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Is the US about to help Canada significantly increase its carbon pollution? The tar sands choice in front of the Obama Administration

Jake Schmidt

Posted August 9, 2011 in Saving Wildlife and Wild Places, Solving Global Warming

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The State Department – the same US government agency in charge of international global warming negotiations – is poised to make a decision which would help expand tar sands in Canada.  Expansion of tar sands in Canada will dramatically increase Canada’s global warming pollution according to a new Canadian government report, putting it significantly out of reach of the commitment it made at Copenhagen.  The Obama Administration has a simple choice – help stop global warming and reject the Keystone XL project OR approve Keystone XL and help another country fail to meet its global warming commitments.  The Obama Administration should not make a decision which would push Canada to fail to meet a commitment made as a part of the Copenhagen Accord – an agreement brokered in person by President Obama and Secretary Clinton.

The choice has become even more obvious as news broke that the Canadian government had released a projection showing that tar sands expansion would be the single largest contributor to the growth in Canada’s global warming pollution (see figure).  The report, as noted by the Globe and Mail, predicts that global warming pollution from tar sands will “rise by 62 megatonnes, tripling its 2005 levels.”  So the single most important action that Canada could take to help meet its global warming commitment made in Copenhagen would be to stop tar sands expansion.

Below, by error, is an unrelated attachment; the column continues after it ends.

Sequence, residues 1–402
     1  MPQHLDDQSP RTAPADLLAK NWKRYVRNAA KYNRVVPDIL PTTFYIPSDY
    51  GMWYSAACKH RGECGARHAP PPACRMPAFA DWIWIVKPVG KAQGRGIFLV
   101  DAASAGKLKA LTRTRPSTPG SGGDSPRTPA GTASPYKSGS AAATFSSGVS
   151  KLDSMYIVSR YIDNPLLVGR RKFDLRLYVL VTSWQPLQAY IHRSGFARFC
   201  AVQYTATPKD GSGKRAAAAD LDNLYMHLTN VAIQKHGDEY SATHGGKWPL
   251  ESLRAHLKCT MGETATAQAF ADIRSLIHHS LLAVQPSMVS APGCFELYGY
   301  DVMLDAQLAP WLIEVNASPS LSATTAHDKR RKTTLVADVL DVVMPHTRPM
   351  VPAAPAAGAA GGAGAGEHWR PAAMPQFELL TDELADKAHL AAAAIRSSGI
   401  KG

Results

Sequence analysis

Growth in tar sands emissions in Canada 

The implication of tar sands expansion on Canada’s ability to meet its Copenhagen commitments is even more obvious when looking at the view of the energy minister from the Province of Alberta – the province home to tar sands.  As the Globe and Mail reported: “Energy Minister Ron Liepert said Alberta does not want to see Canada meet its commitments to international greenhouse-gas-reduction protocols.” 

As my colleague recently pointed out: President Obama is writing the climate legacy of his first term now.  President Obama is developing standards that address the two biggest sources of global warming pollution: Power plants and cars.  And President Obama has another important choice – to put a stop to the expansion of tar sands.  After all, as the New York Times notes: “The vast majority of oil produced from the [tar sands] deposits is shipped to the United States.”  

So by rejecting the Keystone XL project the Obama Administration could single-handedly make the most important decision to aid Canada in meeting its international global warming commitment.  After all, as President Obama stated in Copenhagen: “We must choose action over inaction; the future over the past - with courage and faith, let us meet our responsibility to our people, and to the future of our planet.”

The choice is now in front of the Obama Administration – take action to help stop global warming and reject the Keystone XL project.

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